So on Pease books, then if we have if we were going to record both the sides as if they’re the same company, which is kind of like what we would do in a consolidation process. Then we can think about, okay, what would happen if we basically sold the equipment to ourselves and then had not yet resold it at the end of the year? What would the elimination journal entry need to be in its most Distilled or shortest form? So we’d have Okay, what if p sold to s, that would mean we’re going to make the sales price $400. So debit cash 400, then we’re going to credit sales or revenue 400, then the cost of goods sold, we’re going to say is 250. And the inventory then would go down by 250. Recording that out, if we were to see that here, we’re going to sell right? Well, that would mean that cash would go up, we’re going to say by 400, the inventory would go down by the 250, the sales would go up by 400. And the cost of goods sold would go up by 250. Bringing the net income to a net of 150 to 400 minus the 250 cost of goods sold this being revenue, not a loss credits, maybe the 400 credit minus the debit of the 250 then S would be recording and we’re going to record this on the same day. have books as if you know we are P and S, we’re going to record this to ourselves, in essence, would then say okay, well now as put the items on the books for 400. So if you net this out, then between the inventory, you’ve got the 250. And the 400, nets out to that 150 that it’s on the books for. So in essence, nothing really happened, it just went from one place to the other, yet it went up. So now it’s basically overstated by that 150. And then the other side would be cash, which means cash would go back down to zero, so no net effect on cash then. So let’s break this transaction down. This is going to be our beginning numbers. These are our entries before the elimination entry, not including this and this is going to be basically our elimination entry. So before the elimination if we if we take a look at these numbers here, we’re saying that we posted the activity from here to here for P and S before this elimination entry. What then happens? Well, we saw that the cash the Nets itself out cash nets out. So cash isn’t a problem, because it got recorded on both sides of the transaction. We see that inventory nets out but not entirely right. So we’ve got the inventory went down by the 250, and then back up by 400. So now the inventory is overstated by 150. It’s overstated by the 150. And then we have the sales that are on the books that on because p recorded the sale here, and s hasn’t yet recorded the sale because they haven’t yet sold it yet. Therefore, the sales are overstated by 400. Because it was a sale to ourselves overstated by the 400. The cost of goods sold being recorded once again by P on that sale has not yet been sold again by s therefore, the cost of goods sold overstated by the 250.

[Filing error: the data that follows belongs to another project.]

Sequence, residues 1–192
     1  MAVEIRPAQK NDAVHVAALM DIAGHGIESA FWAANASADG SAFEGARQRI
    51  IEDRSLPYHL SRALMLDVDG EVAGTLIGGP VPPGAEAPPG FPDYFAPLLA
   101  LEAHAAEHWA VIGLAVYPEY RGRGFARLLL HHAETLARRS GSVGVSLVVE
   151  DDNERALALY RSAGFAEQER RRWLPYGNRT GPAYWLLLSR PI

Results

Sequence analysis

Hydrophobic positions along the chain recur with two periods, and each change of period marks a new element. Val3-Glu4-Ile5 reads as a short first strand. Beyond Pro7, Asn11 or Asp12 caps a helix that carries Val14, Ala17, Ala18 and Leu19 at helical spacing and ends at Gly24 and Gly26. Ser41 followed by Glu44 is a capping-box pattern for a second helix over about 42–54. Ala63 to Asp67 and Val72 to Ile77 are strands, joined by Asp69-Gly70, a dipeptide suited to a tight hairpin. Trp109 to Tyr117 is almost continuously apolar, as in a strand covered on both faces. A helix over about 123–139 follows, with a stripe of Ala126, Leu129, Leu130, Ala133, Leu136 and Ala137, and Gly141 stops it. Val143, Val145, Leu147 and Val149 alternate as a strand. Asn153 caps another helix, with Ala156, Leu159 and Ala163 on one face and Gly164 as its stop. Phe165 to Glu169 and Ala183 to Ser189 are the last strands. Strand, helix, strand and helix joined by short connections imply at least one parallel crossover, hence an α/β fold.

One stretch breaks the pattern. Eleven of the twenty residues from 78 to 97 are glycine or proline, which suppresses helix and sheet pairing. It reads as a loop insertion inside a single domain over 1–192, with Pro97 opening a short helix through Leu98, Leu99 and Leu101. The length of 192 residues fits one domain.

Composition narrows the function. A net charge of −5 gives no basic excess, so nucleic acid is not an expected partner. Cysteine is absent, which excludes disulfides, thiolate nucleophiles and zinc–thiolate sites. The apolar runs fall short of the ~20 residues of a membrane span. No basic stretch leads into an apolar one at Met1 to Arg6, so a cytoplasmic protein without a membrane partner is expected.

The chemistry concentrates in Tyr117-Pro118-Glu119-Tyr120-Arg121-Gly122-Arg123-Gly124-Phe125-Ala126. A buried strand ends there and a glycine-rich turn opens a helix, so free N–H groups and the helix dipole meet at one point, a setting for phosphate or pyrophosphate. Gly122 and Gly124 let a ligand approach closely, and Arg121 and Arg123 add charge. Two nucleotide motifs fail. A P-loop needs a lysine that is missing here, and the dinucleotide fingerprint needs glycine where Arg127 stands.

So then what do we have to do to eliminate that then we just need to eliminate these items. Right, this shouldn’t have happened, this whole transaction shouldn’t have happened rather than eliminating this entire thing reversing you know, these three basically components for journal entries are two journal entries, we wish we could just eliminate, then this transaction. So that’s going to be the transaction that we saw the original transaction that we saw that we can distill this thing down to basically removing the sales. So the sales is going to be removing for that original sale amount, then the cost of goods sold for that cost of goods sold amount, and then we’ve got the inventory, the inventory for the net of the 400 minus the 250. Or you can think of it as the gross profit because we sold it for the 400 minus the 250, or the gross profit of the 150. Putting that back in place, then you’ll see that if we record that on this side, that’ll then remove the 150 for the Elimination entry, remove the 400 remove the cost of goods sold to bring us back to our original numbers, which is where we should be if there was a sale from P. S and S is still holding on to it because there hasn’t been any actual realized That would be an arm’s length transaction to someone outside of the organization.